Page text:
Clinoptilolite is currently used in diverse applications such as drinking water purification, air filtration, plant fertilizer and as an animal feed additive. Many studies have shown that clinoptilolite absorbs toxins created by molds in animal feeds, as well as enhancing nutrient absorption by cattle, pigs, lambs and other animals. Clinoptilolite of volcanic origin has been approved by the EU for use in the category of “Binders, anti-caking agents and coagulants” in feeding stuffs for pigs, rabbits and poultry at levels of up to 20,000 mg/kg. In the United States, clinoptilolite falls under the category of Potassium-calcium-sodium-aluminosilicate and has GRAS (Generally Recognized as Safe) status used primarily as an anti-caking agent (Code of Federal Regulations, Title 21, Section 182.2727).

During the Chernobyl disaster, thirty to forty times the radioactivity of the atomic bombs dropped on Hiroshima and Nagasaki were released. The main radioactive isotopes from the Chernobyl accident were 137Cs, 134Cs, 90Sr, and 89Sr. About 500,000 tons of zeolite rock powder, mainly containing clinoptilolite, were processed from various deposits in Ukraine, Georgia, and Russia and used at Chernobyl. The details of zeolite applications at Chernobyl remain rather obscure because of a secrecy problem still remaining after disintegration of the former Soviet Union, but from what can be deduced, the majority of the zeolite was used for the construction of protective barriers and for agricultural applications in polluted areas.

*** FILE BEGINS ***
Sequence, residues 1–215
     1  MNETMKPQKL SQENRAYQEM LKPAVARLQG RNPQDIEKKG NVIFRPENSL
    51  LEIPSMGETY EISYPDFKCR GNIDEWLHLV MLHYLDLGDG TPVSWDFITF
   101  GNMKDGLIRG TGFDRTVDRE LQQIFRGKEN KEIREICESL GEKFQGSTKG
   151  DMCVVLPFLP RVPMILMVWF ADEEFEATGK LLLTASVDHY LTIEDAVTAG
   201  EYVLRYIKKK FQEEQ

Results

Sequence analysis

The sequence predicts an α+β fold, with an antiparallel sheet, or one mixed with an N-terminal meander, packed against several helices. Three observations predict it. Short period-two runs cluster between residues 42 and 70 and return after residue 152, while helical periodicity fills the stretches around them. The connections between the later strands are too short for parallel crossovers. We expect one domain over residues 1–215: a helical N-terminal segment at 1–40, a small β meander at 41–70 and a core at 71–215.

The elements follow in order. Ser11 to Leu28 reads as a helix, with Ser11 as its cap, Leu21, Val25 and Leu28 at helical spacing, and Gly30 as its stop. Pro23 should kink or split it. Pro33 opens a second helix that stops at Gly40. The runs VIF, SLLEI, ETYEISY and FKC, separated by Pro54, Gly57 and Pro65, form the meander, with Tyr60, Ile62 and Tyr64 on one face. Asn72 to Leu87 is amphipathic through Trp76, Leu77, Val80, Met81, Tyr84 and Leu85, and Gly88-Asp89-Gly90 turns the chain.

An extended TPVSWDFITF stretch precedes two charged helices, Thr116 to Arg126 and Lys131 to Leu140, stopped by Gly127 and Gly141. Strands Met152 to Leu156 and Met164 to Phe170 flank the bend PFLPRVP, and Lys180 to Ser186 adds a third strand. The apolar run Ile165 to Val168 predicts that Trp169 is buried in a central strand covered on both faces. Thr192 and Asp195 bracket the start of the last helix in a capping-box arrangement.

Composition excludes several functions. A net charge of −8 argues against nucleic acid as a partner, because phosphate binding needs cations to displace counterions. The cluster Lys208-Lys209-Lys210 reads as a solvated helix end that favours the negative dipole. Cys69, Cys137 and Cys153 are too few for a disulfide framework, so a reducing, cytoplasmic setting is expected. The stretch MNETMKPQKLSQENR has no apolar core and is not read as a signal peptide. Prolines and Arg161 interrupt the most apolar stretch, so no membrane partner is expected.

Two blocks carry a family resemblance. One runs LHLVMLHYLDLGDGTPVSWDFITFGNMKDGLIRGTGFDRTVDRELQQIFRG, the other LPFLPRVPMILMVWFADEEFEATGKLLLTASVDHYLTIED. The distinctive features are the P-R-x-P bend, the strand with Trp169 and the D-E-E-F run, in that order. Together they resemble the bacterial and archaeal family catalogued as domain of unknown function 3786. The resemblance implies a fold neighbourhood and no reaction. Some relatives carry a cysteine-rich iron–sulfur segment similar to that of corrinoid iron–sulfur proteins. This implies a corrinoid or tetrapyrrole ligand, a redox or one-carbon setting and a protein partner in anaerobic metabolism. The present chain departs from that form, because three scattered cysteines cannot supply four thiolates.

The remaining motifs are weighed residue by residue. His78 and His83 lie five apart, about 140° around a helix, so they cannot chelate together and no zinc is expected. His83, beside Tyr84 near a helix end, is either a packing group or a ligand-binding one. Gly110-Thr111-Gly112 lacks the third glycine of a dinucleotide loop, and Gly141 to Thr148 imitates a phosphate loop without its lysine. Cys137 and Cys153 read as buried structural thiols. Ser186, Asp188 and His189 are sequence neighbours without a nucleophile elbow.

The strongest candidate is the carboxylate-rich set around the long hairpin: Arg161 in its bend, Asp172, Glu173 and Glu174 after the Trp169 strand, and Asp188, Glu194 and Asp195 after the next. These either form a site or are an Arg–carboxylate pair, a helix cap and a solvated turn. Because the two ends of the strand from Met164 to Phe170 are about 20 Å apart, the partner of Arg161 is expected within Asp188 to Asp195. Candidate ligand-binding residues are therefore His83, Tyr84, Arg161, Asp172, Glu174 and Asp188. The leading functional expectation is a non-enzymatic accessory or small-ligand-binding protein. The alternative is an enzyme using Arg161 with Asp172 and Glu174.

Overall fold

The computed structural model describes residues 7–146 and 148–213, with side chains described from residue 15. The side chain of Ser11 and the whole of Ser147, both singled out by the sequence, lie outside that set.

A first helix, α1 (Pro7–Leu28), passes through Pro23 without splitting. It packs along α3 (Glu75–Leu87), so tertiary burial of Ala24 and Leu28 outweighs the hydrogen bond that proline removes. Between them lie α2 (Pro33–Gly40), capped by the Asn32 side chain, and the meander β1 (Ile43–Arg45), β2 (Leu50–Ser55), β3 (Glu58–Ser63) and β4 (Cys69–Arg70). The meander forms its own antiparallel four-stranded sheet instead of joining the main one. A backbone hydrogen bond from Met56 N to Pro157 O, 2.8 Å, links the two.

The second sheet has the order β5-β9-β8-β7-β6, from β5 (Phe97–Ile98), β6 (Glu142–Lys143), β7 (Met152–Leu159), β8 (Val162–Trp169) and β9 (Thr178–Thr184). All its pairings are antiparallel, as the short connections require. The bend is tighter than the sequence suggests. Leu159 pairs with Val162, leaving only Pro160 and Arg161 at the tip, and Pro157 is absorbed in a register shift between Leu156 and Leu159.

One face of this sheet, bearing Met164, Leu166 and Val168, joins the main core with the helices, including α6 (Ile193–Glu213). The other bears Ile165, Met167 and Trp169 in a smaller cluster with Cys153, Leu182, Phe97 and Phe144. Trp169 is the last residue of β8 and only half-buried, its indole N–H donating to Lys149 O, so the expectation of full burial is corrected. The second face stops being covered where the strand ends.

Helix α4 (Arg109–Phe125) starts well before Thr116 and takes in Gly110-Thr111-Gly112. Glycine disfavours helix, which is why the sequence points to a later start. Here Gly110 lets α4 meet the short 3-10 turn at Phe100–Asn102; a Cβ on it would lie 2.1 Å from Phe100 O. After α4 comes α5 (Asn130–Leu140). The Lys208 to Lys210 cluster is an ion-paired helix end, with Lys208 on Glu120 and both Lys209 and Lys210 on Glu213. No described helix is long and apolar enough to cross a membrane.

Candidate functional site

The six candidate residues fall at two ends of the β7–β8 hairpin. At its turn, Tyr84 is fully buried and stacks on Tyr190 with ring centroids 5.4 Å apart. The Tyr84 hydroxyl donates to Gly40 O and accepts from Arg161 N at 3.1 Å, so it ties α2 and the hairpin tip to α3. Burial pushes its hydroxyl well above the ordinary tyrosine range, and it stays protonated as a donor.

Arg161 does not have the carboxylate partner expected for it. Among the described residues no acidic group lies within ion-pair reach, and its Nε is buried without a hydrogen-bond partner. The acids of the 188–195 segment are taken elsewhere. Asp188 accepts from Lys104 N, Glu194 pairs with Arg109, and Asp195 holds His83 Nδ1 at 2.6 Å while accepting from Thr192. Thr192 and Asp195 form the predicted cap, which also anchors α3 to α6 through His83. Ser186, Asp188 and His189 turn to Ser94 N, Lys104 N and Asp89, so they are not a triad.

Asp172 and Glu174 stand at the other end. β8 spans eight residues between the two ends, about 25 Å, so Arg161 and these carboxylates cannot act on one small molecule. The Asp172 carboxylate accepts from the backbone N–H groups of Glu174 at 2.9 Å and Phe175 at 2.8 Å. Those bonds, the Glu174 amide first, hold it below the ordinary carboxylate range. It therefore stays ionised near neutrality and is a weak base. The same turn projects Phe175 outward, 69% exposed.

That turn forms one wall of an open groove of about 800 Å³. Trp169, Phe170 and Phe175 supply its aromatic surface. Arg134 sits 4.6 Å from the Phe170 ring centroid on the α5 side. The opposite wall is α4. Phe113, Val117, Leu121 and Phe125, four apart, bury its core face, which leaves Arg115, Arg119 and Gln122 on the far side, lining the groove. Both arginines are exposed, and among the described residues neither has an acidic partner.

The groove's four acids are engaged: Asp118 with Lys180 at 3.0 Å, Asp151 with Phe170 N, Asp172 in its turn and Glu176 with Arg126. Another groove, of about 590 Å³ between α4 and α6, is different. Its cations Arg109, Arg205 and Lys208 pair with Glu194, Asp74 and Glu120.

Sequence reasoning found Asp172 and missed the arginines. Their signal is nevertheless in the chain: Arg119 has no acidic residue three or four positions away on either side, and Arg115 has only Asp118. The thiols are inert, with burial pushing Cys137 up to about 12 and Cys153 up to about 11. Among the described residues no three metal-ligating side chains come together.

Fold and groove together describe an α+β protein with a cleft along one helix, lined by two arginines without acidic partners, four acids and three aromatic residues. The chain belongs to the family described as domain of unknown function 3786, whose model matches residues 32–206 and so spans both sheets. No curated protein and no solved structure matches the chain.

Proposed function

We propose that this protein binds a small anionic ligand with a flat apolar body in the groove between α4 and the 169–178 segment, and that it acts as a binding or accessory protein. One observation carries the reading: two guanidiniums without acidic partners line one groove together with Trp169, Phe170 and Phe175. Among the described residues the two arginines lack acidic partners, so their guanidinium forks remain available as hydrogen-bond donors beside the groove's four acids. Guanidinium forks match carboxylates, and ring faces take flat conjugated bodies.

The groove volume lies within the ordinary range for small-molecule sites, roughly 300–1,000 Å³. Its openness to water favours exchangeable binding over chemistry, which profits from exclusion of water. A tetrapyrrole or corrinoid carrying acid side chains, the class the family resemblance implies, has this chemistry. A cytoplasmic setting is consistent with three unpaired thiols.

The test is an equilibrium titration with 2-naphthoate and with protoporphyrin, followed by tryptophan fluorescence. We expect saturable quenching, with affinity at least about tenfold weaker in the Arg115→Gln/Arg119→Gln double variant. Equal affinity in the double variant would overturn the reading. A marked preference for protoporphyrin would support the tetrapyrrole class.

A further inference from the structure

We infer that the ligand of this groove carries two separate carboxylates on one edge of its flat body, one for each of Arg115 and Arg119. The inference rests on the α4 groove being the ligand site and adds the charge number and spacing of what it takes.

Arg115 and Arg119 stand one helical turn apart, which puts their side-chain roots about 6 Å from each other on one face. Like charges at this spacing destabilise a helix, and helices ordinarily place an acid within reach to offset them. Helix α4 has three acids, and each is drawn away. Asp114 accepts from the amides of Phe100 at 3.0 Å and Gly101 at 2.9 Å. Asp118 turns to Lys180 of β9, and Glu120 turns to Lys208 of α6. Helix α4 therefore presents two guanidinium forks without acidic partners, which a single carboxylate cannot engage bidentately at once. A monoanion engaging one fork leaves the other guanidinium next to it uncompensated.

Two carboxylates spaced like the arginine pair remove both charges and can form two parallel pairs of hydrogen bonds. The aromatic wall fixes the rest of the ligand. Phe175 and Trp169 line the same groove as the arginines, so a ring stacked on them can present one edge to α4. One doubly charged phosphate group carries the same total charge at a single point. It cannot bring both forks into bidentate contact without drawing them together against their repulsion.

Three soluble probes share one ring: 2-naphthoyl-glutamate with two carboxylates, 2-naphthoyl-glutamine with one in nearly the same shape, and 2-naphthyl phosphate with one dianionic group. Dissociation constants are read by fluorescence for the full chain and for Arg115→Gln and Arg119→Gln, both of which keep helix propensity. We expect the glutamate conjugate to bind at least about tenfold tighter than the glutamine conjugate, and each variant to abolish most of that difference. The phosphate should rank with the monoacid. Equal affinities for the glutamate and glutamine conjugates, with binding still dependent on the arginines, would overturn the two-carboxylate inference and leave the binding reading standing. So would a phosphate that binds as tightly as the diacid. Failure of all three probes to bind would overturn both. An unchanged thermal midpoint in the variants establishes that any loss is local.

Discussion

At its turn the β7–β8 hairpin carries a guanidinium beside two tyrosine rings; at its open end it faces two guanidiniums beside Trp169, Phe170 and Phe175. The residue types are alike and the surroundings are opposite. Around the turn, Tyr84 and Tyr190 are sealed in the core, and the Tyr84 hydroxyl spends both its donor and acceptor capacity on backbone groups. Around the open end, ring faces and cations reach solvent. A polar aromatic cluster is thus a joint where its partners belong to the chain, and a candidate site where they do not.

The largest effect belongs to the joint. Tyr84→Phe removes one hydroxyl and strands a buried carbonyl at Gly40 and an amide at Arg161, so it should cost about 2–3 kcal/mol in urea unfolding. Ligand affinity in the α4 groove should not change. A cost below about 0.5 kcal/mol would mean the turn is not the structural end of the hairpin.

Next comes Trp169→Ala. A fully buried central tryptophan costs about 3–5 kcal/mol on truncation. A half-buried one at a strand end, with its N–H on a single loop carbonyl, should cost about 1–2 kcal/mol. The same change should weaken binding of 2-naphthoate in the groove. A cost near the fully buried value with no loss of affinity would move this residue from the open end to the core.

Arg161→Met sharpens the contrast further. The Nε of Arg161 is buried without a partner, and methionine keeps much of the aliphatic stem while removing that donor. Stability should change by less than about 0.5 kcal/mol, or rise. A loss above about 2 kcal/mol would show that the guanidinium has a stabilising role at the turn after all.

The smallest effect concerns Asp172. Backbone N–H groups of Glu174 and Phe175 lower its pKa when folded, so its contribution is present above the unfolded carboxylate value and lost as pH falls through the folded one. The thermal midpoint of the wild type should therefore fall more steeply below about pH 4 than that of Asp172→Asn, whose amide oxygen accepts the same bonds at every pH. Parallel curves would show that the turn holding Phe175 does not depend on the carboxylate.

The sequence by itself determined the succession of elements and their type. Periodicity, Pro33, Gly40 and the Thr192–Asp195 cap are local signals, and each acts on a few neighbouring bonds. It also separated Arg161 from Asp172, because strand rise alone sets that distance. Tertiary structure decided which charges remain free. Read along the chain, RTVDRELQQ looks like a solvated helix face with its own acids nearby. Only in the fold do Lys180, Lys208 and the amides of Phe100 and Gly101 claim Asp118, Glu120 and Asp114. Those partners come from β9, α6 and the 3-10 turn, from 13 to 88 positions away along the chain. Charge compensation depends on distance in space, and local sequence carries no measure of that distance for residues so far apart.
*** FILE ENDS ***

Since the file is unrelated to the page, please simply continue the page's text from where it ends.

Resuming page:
Clinoptilolite forms the basis of the anti-diarrhea drug ‘Enterex’, which was approved by the Cuban Drug Control Agency in 1995. The large majority of toxicology studies on zeolites have been performed on clinoptilolite, chabazite and Zeolite A – the latter because of its widespread - 3 - use in household detergents. No fatal case arising from the oral uptake of any of these zeolites has been identified.

Specifically, along the lines of human health, people have discovered that clinoptilolite zeolite can be ingested and will clean, deodorize and detoxify the human body, with no harmful side effects. Clinoptilolite zeolite provides useful minerals to the body and pulls harmful metals and other toxins out of the body.